Mexico: Central Bank holds rates in August after hefty increase in June
August 11, 2016
Mexico’s Central Bank held a monetary policy meeting on 11 August and decided to leave the overnight interest rate target unchanged at 4.25%, in line with market expectations. The Bank’s move followed a hefty 50-basis-point rate increase in June that aimed to support the peso, which had been hit hard by the market turmoil set off by the UK’s unexpected vote to leave the EU. Banxico has hiked the monetary policy interest rate three times this year by a total of 125 basis points since the Federal Reserve raised interest rates in December last year.
The Central Bank commented that the balance of risks surrounding the country’s economic growth has deteriorated since the rate increase in June at a time when growth prospects for the global economy continue to be revised downwards. The Bank highlighted that Mexico’s GDP growth showed a 0.3% quarter-on-quarter contraction in Q2, reflecting a stagnation in the industrial sector, weak growth in services, a slowdown in private consumption and still lackluster performance in exports and investment, all of which kept the output gap negative. Moreover, Banxico said that the exchange rate of the peso against the U.S. dollar had experienced heightened volatility in response to the UK’s decision to leave the EU. New episodes of financial market volatility cannot be ruled out on the back of geopolitical risks, the possible consequences of the U.S. presidential elections and the normalization of U.S. monetary policy.
Due to the aforementioned circumstances, the Central Bank emphasized the importance of maintaining sound macroeconomic fundamentals, including consolidating public finances to absorb international shocks more efficiently and reinforcing an adequate current account balance. As in previous statements, Mexico’s monetary authority said that it is closely monitoring all determinants of inflation, especially the currency depreciation and the possible transfer of second-round effects to consumer prices. Inflation remains below the Bank’s 3.0% target and the Mexican peso—the most traded currency among emerging-market currencies—continues to face strong volatility. One of the most telling lines of the statement is that the Central Bank now expects that inflation, “by year end will be slightly above 3.0%, but the average for the whole year will be below 3.0%.”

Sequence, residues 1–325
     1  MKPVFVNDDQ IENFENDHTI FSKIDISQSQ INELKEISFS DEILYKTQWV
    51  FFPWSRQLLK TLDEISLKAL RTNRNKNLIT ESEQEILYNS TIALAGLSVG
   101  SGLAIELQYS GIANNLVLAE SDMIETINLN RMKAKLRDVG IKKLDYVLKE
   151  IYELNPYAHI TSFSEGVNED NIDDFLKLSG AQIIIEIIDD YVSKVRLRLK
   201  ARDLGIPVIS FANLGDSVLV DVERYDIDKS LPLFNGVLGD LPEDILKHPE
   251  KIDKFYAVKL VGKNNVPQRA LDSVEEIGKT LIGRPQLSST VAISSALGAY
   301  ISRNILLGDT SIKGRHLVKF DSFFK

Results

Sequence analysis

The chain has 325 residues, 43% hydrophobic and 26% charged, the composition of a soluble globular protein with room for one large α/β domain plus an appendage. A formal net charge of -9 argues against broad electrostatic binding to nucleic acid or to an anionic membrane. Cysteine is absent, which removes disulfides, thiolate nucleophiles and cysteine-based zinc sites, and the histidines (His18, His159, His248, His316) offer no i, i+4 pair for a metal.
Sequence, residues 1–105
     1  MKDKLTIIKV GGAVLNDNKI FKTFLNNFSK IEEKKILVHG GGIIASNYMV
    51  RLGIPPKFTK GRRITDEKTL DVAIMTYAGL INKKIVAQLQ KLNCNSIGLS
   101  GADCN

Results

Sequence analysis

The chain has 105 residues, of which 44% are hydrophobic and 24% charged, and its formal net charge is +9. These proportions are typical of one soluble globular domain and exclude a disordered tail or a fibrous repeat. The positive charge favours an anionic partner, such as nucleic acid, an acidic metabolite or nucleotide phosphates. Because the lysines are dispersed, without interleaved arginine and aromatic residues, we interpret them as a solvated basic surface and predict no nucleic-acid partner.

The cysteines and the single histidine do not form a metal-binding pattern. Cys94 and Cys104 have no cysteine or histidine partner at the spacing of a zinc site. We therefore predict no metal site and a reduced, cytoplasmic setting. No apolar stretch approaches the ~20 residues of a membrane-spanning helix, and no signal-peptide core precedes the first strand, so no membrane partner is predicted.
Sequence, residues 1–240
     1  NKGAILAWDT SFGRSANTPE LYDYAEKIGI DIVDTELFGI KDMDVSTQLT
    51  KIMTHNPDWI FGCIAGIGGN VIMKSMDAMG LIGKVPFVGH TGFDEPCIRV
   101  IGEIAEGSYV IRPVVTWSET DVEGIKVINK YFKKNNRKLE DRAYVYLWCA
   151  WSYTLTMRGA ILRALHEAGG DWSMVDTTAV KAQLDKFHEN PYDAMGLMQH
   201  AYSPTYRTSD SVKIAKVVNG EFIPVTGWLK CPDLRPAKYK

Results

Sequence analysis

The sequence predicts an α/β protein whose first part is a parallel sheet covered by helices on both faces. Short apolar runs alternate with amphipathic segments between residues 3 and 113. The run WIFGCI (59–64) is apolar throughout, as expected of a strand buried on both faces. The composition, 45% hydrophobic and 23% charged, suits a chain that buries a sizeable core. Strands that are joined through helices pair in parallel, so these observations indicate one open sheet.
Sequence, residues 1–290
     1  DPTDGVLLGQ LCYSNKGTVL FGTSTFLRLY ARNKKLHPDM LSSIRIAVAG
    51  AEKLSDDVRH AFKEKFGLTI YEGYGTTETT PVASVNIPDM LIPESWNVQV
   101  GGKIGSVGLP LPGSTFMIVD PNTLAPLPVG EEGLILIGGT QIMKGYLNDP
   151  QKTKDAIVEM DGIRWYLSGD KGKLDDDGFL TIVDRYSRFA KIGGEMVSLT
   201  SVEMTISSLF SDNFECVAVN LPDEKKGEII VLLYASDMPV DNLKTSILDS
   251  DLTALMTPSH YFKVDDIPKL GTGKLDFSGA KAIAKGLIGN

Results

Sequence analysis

In the end, Mexico’s Central Bank showed less inclination than previously to hike interest rates in the near term, but analysts remain cautious. Gabriel Lozano, Mexico Chief Economist at J.P. Morgan, commented:
“Today’s statement showed less urgency to hike ahead, with the board tempering down its hawkish rhetoric, appearing at ease with respect to inflation risks, somewhat concerned about deceleration in economic activity after the economy contracted in 2Q and removing the current account deficit (CAD) from its reaction function. While we are maintaining our call for a 25bp hike on September 29, we acknowledge today’s dovish statement reduces the odds for a hike, which will be contingent on the performance of the currency and on inflation dynamics.”
Meanwhile, Benito Berber, Senior Latam Strategist at Nomura, said:
“In our view, Banxico is already incorporating the factors that could be a source of concern about future inflation (such as the second-order effects of MXN depreciation and gasoline price hikes) and telling us that they will not seriously threaten the bank's inflation forecast. Furthermore, Banxico is suggesting that the previous 50bp increase was preemptive (Banxico probably knew in the previous monetary policy meeting that gasoline prices would go up to the top of the +/-3% band), which is why the outlook for inflation is 'neutral' and has not worsened.”
An additional factor to consider in Banxico’s monetary policy making going forward is the normalization of interest rates in the U.S. Alexis Milo, Chief Mexico Economist at HSBC, commented:
“The implications for monetary policy in 2016 and 2017 that we take from today's decision is that Banxico will stay on hold and hike in tandem with the Fed next year. We maintain our view that the last hike was a front-loading of the tightening cycle to be followed this year to support the FX, rather than the beginning of a faster sequence of hikes. In this regard, the negative tone on growth and eased concerns about inflation that we see in the communiqué following the decision is consistent with our view. Nevertheless, our view is highly dependent on the evolution of the exchange rate, so additional hikes may take place if the USD/MXN goes again above 19, which is not our central scenario for the next 12 months”
Author: Ricardo Aceves, Senior Economist